I hate to admit it, but this is my very first viewing of this 70’s vampire romp. I’m not sure why, but despite catching a glimpse here and there I had generally avoided watching Blacula over the years.
I think the title put me off…oh come on, can you blame me, I thought it was going to be some low-brow cheese-fest (and not in a good way either.) As it turns out though, I had a completely wrong impression…hey, it happens, I can’t be right all the time.
Now the titular Blacula is actually an 18th century African prince named Mamuwalde (William Marshall…oh my gawd it’s the King of Cartoons from Pee wee’s Playhouse…a suave, imposing man with the most gorgeous baritone) who, while on a trip to Transylvania (?) to try and negotiate the end of the slave trade, becomes a victim of Count Dracula. It turns out that instead of an eternally young Transylvania prince, this Dracula is an aged British douche with a racist streak and very little imagination. The latter is probably why he chooses the name Blacula for his latest victim…right before imprisoning him in a coffin to suffer the throes of bloodlust throughout…well you get where I’m going with this.
Two hundred years later a pair of flamboyant, gay antique dealers purchase the bulk of Dracula’s estate and transport the lot, including an entombed Mamuwalde, to Los Angeles.
You’d think one would check that a coffin was empty before transporting across it international borders…but I guess these things were way lax back in the 70’s.
Mamuwalde is soon set free (cause the antique dealers want the coffin for a guest bed) and the vampire gets his first taste of blood…followed swiftly by his second. Of course shortly after his release, the vampire stumbles upon a young woman named Tina (a stunning young Vonetta McGee) who is a dead ringer for his murdered wife…seriously how does this happen in EVERY vampire movie.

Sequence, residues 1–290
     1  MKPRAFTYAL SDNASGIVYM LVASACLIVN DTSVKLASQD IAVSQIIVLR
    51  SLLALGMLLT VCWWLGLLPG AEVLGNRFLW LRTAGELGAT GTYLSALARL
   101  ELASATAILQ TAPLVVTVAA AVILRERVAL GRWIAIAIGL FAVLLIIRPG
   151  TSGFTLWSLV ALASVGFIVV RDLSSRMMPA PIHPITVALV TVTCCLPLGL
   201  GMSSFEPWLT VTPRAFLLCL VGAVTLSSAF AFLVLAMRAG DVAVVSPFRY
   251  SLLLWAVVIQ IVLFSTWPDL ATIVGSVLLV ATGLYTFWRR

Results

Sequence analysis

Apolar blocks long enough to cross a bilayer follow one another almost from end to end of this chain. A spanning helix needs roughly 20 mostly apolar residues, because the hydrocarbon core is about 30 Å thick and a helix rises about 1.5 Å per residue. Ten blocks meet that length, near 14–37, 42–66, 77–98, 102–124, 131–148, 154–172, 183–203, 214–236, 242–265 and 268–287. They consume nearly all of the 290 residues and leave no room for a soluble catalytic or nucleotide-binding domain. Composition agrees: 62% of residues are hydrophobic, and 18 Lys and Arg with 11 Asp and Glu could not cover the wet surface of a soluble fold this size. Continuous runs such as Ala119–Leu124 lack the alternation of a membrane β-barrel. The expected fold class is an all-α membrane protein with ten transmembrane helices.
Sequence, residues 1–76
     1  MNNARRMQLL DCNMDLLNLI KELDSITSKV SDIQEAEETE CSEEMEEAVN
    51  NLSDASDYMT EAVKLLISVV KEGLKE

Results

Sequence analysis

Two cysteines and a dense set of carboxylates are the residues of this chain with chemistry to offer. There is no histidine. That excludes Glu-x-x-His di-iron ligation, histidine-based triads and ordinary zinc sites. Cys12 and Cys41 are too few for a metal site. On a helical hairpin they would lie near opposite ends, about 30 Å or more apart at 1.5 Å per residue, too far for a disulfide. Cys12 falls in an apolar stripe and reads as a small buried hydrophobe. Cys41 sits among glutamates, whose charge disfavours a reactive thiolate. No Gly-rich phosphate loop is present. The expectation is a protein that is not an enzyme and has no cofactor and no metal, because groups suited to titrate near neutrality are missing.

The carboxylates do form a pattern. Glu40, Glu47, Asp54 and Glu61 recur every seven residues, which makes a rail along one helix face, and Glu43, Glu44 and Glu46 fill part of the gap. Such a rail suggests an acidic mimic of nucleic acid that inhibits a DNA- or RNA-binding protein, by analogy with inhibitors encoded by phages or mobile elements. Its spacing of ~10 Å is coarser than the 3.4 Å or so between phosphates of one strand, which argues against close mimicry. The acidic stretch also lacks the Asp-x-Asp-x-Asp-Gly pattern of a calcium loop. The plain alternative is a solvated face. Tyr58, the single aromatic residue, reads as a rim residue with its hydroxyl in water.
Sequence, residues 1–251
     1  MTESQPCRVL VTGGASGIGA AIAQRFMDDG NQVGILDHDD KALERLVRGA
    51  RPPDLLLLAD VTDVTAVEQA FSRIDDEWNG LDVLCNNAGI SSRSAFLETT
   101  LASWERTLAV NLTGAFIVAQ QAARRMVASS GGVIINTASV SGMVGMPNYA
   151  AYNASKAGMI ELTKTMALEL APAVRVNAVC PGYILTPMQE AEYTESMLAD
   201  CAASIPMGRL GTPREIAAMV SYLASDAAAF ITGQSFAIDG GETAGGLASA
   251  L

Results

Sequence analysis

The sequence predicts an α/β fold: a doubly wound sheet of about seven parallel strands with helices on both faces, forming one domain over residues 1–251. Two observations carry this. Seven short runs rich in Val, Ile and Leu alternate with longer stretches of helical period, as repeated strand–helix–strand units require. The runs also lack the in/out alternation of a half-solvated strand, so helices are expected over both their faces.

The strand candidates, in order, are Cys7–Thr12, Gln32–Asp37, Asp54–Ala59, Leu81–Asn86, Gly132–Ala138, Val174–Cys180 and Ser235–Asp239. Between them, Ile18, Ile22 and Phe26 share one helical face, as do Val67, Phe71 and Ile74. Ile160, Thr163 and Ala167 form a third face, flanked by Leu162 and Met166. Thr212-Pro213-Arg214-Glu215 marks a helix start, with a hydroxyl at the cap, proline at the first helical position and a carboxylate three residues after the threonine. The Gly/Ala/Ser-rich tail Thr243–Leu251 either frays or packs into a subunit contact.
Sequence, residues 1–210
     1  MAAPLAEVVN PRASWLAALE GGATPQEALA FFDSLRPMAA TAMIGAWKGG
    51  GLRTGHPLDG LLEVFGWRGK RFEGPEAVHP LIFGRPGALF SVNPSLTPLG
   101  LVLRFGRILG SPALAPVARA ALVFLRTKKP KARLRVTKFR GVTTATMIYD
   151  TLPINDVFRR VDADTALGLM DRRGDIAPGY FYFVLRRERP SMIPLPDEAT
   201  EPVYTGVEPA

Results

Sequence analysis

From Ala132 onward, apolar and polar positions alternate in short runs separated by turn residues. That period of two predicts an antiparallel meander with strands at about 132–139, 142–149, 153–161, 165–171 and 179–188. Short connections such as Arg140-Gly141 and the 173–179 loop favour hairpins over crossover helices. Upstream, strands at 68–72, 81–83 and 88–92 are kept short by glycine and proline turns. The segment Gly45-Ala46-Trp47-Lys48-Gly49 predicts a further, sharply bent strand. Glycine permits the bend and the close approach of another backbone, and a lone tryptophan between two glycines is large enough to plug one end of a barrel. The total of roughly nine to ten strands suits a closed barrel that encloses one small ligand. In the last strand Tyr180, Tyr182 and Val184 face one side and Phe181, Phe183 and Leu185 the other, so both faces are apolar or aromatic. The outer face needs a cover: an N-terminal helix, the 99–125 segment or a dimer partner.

The story isn’t exactly what one would call original, but it works, mainly due to the incredibly commanding presence of Marshall, who brings an air of sophistication and poise to a role that could have been all camp and no substance.
As it stands there’s plenty of 70’s camp to be had, but it isn’t overwhelming. Everyone from Marshall to McGee to this movie’s own version of Dr Van Helsing (a fantastic Thalmus Rasulala) and all the rest of the supporting cast (which includes veteran canuck actor Gordon Pinsent) are all accomplished actors who own their roles and play it straight. I have to admit, its a pleasure watching good actors do their thing and do it well.
Side Note: Look for an awesome cameo by The Hues Corporation as the local nightclub act.
Blacula was one of a string of blaxploitation films released in the 70’s, although unlike other genre classics like Sweet Sweetback’s Baadasssss Song, Superfly and Shaft (to name a few), Blacula focuses more on story and less on reinforcing stereotypes and thrives on stellar casting and earnest performances.
There is (of course) a sequel called Scream Blacula Scream which I’m looking forward to checking out, but in the meantime, here is the trailer to the awesome original Blacula.
Have you seen this 70’s vampire flick horror fans? Let me know what you thought of it…and as always give a girl some love and click that Like button.